Please note that we have stopped the regular imports of Gene Expression Omnibus (GEO) data into ArrayExpress. This may not be the latest version of this experiment.
E-GEOD-52172 - Transcriptional approach to study porcine tracheal epithelial cells individually or dually infected with swine influenza virus and Streptococcus suis
Released on 1 May 2014, last updated on 3 June 2014
Background: Swine influenza is a highly contagious viral infection in pigs affecting the respiratory tract that can have significant economic impacts. Streptococcus suis serotype 2 is one of the most important post-weaning bacterial pathogens in swine causing different infections, including pneumonia. Both pathogens are important contributors to the porcine respiratory disease complex. Outbreaks of swine influenza virus with a significant level of co-infections due to S. suis have lately been reported. In order to analyze a global response to the dual infection, we carried out a comprehensive gene expression profiling using a microarray approach to study the swine tracheal epithelial (NPTr) cell response to a co-infection with H1N1 swine influenza virus (swH1N1) and S. suis serotype 2. Results: Gene clustering showed that the swH1N1 and swH1N1/S. suis infections modified the expression of genes in a similar manner. Additionally, infection of NPTr cells by S. suis alone did not result in many differentially expressed genes compared to mock-infected cells. However, some important genes coding for inflammatory mediators, such as chemokines, interleukins, cell adhesion molecules and eicosanoids, were significantly upregulated in the presence of both pathogens comparing to infection with each pathogen taken individually. This synergy may also be the consequence of an increased adhesion/invasion of epithelial cells previously infected by swH1N1, as recently reported. Conclusion: In a co-infection situation, influenza virus would replicate in the respiratory epithelium inducing an inflammatory infiltrate comprised of mononuclear cells and neutrophils. Despite that these cells are unable to phagocyte and kill S. suis, they are highly activated by this pathogen. S. suis is not considered a primary pulmonary pathogen, but an exacerbated production of pro-inflammatory mediators during a co-infection with influenza virus may be of critical importance in the pathogenesis and outcome of this respiratory disease complex. Total RNA obtained from NPTr cells infected with S. suis, H1N1, or S. suis & H1N1. Four replicates in both groups.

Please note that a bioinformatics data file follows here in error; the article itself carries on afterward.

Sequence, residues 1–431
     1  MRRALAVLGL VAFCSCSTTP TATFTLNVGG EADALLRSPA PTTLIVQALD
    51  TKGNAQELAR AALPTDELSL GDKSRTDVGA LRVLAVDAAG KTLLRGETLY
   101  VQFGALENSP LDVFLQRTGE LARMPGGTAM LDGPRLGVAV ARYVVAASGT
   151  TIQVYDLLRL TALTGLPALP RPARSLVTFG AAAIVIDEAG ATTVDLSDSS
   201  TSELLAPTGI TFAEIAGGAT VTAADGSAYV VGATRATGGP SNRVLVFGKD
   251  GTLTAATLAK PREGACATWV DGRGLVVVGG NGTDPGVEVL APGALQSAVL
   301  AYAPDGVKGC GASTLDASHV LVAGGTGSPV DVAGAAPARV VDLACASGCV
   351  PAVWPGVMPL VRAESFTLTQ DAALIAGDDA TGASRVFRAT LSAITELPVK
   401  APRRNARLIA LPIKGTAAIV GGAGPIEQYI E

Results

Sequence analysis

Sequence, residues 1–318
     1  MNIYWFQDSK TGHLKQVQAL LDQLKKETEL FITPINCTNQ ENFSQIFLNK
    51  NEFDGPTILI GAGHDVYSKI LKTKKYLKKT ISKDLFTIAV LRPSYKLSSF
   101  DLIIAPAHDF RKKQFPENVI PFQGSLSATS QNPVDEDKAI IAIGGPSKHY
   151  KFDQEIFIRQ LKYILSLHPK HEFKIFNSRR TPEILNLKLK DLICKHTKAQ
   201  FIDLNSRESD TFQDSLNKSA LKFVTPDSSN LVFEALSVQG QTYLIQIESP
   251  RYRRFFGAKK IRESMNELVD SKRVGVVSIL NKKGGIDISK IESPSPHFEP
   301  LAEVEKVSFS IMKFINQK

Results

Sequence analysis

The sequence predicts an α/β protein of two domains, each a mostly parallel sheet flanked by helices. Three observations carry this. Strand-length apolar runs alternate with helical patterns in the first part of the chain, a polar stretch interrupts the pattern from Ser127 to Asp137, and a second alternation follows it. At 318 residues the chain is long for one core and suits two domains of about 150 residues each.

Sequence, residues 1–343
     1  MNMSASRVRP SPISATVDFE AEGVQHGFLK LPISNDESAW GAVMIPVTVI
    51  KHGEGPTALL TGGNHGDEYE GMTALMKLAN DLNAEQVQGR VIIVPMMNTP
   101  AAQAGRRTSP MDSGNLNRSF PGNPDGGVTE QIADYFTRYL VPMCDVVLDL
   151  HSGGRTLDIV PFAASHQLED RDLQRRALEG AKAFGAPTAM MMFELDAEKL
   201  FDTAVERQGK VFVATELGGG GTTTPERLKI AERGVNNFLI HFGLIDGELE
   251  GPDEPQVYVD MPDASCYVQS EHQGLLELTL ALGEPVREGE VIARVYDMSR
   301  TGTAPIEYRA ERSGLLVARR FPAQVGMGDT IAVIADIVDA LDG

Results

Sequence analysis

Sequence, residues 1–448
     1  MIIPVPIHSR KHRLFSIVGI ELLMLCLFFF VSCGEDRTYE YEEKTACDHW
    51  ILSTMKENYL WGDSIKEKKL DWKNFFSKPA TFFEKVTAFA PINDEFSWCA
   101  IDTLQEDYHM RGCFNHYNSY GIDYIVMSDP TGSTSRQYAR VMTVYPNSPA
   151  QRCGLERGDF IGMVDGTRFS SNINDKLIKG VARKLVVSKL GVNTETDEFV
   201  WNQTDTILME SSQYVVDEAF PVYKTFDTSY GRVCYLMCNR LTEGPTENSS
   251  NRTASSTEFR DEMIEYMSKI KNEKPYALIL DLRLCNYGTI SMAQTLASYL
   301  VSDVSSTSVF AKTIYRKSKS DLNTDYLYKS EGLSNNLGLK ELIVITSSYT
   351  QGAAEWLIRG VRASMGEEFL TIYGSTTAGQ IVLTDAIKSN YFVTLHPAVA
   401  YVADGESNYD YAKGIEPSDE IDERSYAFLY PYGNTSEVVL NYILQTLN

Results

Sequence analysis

transcription profiling by array
Carl Gagnon, Christian Savard, Claude Lachance, Daniel Grenier, Marcelo Gottschalk, Mariela Segura, Yingchao Wang, Yuan Dang